Sloane Markley, a senior, found her passion for politics, government, history and law as a first-year student. In her first semester, she joined The College Reporter student newspaper, where she is now co-editor, and decided on a government major and women's and gender studies minor.
"I'm interested in how people interact with their government," Markley said.
As a Hackman scholar this summer, Markley evaluated data designed to determine the effectiveness of campaigns during a presidential election by taking the opinion of experts in the field of political science and plotting it against the data in pre-election polls of voters.
Franklin and Marshall-sponsored Hackman scholars participate in faculty-mentored projects, and Markley worked with Associate Professor of Government Stephen Medvic. During the 2012 presidential campaign, Medvic emailed more than 50 political scientists each week and asked this question: "Who ran the better campaign over the last week: Barack Obama, Mitt Romney, or was it a draw?"
The responses from the political scientists were compared to the series of national polls that came out the following week, which were provided on Real Clear Politics, a nonpartisan website. Markley and Medvic looked for a correlation between what polls showed voters thought of the campaigns on a given week and what academic experts observed.
"Professor Medvic wanted to get a real-time measure as to how effective those campaigns were," Markley said. "It was a more predictive rather than reactive measure."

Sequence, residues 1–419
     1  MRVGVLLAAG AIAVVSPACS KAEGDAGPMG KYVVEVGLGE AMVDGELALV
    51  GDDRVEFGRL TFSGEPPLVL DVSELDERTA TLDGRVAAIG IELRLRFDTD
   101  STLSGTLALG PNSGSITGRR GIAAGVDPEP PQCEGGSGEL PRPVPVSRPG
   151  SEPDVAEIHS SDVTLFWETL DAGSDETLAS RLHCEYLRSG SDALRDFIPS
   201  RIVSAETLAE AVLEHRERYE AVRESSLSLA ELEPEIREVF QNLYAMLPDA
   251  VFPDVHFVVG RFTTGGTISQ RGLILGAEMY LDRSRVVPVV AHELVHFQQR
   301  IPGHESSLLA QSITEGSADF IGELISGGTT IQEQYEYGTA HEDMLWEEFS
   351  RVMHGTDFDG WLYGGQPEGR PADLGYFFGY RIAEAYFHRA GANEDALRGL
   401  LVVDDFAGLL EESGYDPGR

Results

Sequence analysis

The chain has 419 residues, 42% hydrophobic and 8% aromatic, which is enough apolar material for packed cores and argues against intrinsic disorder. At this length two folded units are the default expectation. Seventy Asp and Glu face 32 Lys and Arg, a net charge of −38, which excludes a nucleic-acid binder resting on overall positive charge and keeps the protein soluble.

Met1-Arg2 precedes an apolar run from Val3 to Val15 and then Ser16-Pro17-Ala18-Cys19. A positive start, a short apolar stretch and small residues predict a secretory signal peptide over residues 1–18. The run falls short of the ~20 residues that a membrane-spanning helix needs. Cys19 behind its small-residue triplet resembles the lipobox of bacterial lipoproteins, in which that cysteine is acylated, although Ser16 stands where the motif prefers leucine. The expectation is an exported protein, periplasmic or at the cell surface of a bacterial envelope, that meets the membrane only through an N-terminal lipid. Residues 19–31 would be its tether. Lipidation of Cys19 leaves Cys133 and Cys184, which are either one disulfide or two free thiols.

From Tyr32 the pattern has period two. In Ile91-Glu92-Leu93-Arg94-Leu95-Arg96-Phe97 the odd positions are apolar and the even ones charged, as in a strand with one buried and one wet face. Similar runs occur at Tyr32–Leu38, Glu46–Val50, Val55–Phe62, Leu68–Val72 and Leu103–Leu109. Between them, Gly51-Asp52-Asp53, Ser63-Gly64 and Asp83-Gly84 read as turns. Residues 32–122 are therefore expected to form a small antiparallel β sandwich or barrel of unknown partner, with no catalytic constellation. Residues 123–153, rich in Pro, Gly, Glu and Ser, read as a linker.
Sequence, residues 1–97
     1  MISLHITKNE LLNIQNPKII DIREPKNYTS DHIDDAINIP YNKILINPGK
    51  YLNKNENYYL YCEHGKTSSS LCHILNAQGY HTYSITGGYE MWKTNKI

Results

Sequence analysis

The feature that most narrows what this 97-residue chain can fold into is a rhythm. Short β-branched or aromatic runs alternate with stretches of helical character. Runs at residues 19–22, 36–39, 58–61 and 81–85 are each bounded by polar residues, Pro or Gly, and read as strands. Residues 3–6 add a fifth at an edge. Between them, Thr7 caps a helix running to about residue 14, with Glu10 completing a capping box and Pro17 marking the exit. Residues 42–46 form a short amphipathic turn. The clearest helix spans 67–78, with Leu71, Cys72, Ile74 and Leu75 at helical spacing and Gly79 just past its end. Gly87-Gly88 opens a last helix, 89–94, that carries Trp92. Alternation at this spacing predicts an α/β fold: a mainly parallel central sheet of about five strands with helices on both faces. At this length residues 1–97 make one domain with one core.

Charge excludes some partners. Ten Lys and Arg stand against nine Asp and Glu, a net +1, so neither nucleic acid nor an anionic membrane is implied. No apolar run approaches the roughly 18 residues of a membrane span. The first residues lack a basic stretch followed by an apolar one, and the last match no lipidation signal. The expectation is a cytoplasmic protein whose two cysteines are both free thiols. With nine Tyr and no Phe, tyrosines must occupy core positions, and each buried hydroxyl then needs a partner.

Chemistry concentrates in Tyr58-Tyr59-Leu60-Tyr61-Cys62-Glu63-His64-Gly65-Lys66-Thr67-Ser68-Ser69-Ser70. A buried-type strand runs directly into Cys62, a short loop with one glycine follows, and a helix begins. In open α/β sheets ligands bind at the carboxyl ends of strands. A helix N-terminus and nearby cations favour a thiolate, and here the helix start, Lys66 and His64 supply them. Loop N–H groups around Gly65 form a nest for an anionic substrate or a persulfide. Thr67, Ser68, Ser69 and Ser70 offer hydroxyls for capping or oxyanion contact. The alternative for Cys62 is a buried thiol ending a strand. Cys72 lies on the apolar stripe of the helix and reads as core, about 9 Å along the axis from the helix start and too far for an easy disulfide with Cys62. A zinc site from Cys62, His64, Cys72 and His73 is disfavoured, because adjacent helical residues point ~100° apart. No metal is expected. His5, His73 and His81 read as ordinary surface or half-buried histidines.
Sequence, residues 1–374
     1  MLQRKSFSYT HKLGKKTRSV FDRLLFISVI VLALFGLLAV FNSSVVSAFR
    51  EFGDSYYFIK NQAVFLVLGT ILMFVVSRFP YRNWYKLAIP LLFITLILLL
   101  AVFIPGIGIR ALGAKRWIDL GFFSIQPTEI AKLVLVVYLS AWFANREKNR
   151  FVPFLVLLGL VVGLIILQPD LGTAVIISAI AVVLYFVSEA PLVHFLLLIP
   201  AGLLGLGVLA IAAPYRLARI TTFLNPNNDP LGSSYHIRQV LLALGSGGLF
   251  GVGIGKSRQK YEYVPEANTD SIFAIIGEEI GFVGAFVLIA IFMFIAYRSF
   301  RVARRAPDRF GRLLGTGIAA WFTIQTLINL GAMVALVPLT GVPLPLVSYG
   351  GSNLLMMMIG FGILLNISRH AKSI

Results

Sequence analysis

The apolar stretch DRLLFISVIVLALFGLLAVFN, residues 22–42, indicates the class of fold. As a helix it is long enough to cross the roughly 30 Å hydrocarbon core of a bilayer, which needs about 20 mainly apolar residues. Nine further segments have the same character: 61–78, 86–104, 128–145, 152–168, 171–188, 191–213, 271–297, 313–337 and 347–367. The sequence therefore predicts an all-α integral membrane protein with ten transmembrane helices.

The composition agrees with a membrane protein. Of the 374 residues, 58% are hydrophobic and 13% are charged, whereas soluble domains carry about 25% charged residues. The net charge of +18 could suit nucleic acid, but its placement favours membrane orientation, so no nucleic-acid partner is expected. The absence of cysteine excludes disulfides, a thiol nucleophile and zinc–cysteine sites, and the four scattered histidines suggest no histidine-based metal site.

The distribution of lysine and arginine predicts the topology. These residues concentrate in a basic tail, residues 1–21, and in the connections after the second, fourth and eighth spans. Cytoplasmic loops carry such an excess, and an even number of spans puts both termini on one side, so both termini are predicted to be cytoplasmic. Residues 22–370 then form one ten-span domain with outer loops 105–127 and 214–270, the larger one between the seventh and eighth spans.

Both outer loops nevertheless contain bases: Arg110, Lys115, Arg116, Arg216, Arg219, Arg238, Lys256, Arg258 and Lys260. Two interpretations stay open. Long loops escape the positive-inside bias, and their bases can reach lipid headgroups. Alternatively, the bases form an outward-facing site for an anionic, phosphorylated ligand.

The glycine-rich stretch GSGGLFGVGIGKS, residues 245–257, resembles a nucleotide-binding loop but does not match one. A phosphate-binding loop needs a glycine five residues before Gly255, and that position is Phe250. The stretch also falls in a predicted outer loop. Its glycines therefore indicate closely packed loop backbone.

They found the experts consistently ahead of the polls on whether the candidates' campaigns were, in a given week, winning, losing or about even in voter support. "What it says is the experts are picking up on what the candidates are doing before the polls do," Markley said.
Medvic said the data showed that political experts responded to the question based on their professional observation, not what they had read in a public opinion poll.
"If you're really asking for their professional opinion as to what happened in a campaign, it looks like they can do that objectively," Medvic said. "I was happy to find that the experts' opinions didn't simply reflect the candidates' standing in the polls at that point in time."
He said the data also showed that candidates can persuade certain independent voters to support them.
However, debates notwithstanding, the research data cannot pinpoint what exactly candidates or campaigns do that moves voters in their direction. "It's been very hard to isolate the political effect of the campaigns," Medvic said. That answer may come with further research on future campaigns, Markley said.
"We're still trying to find an empirical formula as to what is an important campaign event," she said.
With this initial research, Medvic wants to build a database by conducting the same surveys on presidential elections over at least the next 40 years. This preliminary data appears to be a good first measure on the effectiveness of campaigns.
"I think it gives us a better understanding of what candidates can and cannot do in campaigns that are effective," said Markley, who also came to understand something else. "I realized I really like research."